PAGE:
Coronavirus’s Impact On Sustainability — What To Expect

Coronavirus face mask with world map on green background
Will the coronavirus pandemic turbocharge or cripple sustainability?

As it touches every aspect of life and business, already the coronavirus is impacting sustainability. The big question now: what can we expect in the long-term?

Among the myriad uncertainties of the Covid-19 pandemic, there is one sure thing: The natural environment has been a beneficiary of economic shutdowns and human lockdowns.

With virtually no cars on the road, nor factories belching smoke, the skies over New Delhi and Shanghai have turned from brown to blue.

Atmospheric pollution has diminished from the near-disappearance of air traffic.

Carbon emissions have shrunk dramatically as industrial production plummets.

Now, we all must ask whether these benefits will be temporary. Around the world, governments are looking at how to restore normal economic activity as soon as possible without risking a fresh wave of infections. This process is already underway in China, although the country’s economy remains constrained by the slump in demand for goods and commodities elsewhere in the world.

Indeed, some countries have announced or are considering measures that would, at least temporarily, lower environmental standards or defer efforts to curb carbon emissions. Their rationale? The need to re-ignite economic activity and preserve jobs is currently more pressing than protection of the natural environment or restraining climate change.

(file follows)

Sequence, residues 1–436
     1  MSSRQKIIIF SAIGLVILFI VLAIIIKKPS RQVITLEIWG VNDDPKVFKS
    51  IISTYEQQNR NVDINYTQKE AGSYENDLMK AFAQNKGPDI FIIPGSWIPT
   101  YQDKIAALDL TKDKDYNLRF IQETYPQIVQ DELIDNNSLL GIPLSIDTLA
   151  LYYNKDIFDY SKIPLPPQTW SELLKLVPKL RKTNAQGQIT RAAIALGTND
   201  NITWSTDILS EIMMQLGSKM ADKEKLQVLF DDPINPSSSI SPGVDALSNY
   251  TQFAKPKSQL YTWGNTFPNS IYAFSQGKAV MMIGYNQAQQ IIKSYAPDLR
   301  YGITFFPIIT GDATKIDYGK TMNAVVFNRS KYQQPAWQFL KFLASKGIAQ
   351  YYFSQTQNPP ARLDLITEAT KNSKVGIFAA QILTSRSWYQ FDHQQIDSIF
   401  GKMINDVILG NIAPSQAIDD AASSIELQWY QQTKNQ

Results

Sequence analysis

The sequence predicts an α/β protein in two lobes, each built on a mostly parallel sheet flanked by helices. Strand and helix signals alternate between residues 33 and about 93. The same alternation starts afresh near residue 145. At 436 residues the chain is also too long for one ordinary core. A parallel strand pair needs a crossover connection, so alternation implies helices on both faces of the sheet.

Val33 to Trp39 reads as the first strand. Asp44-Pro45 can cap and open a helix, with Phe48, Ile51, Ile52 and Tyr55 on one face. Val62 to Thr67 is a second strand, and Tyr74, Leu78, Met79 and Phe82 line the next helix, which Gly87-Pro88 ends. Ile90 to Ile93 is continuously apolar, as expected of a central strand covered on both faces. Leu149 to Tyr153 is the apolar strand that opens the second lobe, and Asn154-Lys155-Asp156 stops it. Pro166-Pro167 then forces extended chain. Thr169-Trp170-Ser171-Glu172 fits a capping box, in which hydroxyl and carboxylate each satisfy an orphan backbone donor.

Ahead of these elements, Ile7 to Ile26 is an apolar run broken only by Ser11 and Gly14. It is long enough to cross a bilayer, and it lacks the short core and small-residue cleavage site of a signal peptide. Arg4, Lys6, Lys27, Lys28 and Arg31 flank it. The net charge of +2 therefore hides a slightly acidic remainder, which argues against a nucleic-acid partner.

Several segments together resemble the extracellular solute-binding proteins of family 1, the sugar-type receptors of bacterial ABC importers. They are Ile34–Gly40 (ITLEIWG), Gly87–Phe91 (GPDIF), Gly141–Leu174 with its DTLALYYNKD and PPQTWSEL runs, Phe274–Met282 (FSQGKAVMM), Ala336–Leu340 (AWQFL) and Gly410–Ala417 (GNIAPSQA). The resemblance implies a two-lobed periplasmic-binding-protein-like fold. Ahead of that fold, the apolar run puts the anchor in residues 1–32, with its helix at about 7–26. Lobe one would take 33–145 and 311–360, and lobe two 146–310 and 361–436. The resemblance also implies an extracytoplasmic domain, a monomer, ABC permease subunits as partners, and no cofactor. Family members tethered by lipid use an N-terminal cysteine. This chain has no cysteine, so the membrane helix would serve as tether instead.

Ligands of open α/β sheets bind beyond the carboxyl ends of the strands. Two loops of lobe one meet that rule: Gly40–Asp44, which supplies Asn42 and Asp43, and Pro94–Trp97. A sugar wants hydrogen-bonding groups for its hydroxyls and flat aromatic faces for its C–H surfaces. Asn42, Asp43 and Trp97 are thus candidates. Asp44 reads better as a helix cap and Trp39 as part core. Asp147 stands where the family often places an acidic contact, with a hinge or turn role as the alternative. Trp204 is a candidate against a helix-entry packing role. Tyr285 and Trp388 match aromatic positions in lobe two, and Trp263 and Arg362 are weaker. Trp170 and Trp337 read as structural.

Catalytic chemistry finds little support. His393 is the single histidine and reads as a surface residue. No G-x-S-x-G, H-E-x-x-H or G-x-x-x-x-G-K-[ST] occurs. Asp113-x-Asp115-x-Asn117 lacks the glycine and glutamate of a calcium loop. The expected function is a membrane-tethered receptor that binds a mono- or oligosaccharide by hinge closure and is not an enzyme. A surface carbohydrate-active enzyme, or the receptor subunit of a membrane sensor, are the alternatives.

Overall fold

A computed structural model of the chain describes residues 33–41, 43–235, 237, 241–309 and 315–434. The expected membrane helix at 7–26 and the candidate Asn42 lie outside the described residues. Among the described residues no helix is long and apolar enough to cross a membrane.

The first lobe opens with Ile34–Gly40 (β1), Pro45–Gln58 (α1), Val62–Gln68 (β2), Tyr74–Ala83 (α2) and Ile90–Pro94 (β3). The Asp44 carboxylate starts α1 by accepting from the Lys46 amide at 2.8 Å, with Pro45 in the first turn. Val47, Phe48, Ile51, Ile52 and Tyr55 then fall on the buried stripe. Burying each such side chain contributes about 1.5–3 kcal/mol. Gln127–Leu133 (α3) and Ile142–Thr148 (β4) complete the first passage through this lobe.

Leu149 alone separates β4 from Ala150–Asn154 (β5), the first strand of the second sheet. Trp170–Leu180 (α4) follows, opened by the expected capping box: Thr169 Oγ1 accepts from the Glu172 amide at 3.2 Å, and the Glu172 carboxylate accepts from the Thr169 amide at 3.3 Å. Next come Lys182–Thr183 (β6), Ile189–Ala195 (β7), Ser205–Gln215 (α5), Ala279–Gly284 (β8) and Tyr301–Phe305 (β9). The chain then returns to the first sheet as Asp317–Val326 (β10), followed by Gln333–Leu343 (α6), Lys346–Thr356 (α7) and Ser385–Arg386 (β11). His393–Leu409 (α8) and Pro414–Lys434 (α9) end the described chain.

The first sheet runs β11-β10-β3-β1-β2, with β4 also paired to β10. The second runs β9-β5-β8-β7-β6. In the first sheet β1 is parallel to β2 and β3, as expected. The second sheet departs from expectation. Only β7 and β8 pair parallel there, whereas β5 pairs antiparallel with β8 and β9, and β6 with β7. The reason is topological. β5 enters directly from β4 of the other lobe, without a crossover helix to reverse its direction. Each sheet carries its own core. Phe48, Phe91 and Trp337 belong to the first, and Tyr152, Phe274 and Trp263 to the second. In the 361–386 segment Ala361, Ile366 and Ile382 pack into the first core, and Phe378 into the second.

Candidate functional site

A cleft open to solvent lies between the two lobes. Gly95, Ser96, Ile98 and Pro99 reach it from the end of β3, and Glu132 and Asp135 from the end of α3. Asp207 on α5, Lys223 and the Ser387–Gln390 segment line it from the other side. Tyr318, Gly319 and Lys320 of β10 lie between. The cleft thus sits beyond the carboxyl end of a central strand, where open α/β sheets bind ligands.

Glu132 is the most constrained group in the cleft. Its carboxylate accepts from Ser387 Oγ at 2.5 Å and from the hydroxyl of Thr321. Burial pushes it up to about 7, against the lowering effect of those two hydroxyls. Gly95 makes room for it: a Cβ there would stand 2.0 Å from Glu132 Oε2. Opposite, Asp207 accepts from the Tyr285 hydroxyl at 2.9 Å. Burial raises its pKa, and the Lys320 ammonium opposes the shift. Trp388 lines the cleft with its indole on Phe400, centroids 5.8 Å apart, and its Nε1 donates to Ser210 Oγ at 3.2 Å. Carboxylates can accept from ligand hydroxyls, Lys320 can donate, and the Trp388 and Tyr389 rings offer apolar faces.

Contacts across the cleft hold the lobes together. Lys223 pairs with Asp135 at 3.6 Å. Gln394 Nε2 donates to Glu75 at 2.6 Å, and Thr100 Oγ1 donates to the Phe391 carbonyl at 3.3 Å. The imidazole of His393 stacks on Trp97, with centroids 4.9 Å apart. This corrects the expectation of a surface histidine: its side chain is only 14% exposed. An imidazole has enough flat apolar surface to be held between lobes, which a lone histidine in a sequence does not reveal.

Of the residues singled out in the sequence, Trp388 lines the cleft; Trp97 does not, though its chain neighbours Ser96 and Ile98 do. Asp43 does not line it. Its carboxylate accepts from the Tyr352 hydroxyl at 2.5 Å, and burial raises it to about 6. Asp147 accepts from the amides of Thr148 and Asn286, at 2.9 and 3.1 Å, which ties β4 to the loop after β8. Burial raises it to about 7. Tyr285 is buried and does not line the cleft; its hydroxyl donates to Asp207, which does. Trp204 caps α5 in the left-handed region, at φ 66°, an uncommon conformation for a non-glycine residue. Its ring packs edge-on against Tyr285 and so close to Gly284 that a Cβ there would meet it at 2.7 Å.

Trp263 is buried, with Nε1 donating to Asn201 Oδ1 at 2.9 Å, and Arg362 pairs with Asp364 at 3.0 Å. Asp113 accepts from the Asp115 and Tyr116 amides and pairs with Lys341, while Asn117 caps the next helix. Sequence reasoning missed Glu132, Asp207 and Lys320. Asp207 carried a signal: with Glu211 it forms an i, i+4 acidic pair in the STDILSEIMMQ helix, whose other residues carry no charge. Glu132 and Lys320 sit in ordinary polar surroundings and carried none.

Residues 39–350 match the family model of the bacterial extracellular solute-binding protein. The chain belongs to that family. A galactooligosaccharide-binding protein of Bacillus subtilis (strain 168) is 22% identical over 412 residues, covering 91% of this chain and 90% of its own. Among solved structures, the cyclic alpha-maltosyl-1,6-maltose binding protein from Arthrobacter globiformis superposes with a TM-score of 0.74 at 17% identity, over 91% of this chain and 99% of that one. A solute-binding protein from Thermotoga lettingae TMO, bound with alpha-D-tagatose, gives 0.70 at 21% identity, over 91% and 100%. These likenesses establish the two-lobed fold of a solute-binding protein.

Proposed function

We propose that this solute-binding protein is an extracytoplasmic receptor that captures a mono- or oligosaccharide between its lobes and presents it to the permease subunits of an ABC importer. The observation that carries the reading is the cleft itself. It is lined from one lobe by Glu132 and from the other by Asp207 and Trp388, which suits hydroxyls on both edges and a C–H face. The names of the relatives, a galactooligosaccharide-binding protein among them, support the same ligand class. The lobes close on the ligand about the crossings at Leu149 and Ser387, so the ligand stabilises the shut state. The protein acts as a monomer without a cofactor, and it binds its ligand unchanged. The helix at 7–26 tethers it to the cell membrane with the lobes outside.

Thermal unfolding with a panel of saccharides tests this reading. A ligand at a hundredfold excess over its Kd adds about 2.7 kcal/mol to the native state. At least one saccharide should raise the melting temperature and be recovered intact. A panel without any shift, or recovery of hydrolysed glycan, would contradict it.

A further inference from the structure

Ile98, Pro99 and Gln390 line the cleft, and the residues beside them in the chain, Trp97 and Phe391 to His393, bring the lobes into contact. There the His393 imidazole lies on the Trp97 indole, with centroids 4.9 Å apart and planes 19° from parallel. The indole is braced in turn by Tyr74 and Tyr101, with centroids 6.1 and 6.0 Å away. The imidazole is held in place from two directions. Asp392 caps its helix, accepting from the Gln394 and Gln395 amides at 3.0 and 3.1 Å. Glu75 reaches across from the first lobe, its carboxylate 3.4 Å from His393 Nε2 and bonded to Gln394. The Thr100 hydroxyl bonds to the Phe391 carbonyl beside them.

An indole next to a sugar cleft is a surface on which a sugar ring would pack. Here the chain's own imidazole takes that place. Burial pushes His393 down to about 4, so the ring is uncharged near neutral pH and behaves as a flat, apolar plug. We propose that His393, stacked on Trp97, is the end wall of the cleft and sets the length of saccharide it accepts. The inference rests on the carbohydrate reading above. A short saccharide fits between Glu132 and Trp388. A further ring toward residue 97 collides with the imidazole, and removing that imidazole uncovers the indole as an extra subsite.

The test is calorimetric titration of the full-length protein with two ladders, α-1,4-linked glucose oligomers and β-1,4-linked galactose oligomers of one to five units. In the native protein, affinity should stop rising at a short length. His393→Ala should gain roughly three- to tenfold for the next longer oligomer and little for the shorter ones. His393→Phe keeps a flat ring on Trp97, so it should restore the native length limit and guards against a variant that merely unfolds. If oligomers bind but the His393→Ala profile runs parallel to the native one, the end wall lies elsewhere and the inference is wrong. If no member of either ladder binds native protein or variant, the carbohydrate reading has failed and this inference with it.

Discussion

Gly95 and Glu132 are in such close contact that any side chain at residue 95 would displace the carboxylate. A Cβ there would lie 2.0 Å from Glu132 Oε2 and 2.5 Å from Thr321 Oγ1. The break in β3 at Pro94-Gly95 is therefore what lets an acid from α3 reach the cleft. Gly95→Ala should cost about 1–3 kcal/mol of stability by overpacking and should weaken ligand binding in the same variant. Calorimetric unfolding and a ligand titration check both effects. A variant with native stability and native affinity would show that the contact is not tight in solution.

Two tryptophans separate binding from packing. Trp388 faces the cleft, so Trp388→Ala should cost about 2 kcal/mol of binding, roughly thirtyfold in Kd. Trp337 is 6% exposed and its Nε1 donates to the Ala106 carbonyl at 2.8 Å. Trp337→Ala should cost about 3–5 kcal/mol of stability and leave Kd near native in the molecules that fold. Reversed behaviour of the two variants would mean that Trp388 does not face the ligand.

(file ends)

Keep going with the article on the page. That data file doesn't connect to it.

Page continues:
They also argue — not without justification — that poverty and deprivation also impact human health, physical and mental.

Don’t be fooled

The choice, however, is a false one, according to David Boyd, United Nations special rapporteur on human rights and the environment. Such policy decisions, he warns, “are irrational, irresponsible, and jeopardise the rights of vulnerable people. [They] are likely to result in accelerated deterioration of the environment and have negative impacts on a wide range of human rights, including the rights to life, health, water, culture, and food, as well as the right to live in a healthy environment.”

Boyd argues the coronavirus outbreak itself has underlined the importance of a safe, clean and sustainable environment. “People living in areas that have experienced higher levels of air pollution face increased risk of premature death from Covid-19,” he says. “Access to clean water is essential in preventing people from contracting and spreading the virus.”

Epidemiologists also note that the majority of new infectious diseases affecting human beings — including Ebola and SARS, as well as Covid-19 — have been transmitted from animals to humans, and argue that they’re becoming more common as human encroachment on animals’ habitat brings species into closer and more frequent contact that facilitate the spread and evolution of disease.

It’s far from certain that current arguments in favour of sustainability will prevail over the drive to restore economic activity and prosperity (and to relieve governments of the financial responsibility for providing their citizens with the necessities of life and preventing companies from collapse).

Is Covid-19 proving that sustainability is more profitable?

However, the impact of Covid-19 has added weight to arguments that sustainability-focused investment often performs better than portfolios that ignore environmental, social responsibility and governance factors (ESG). A key claim of ESG advocates is that the risk of unforeseen environment-related events is greater than commonly believed.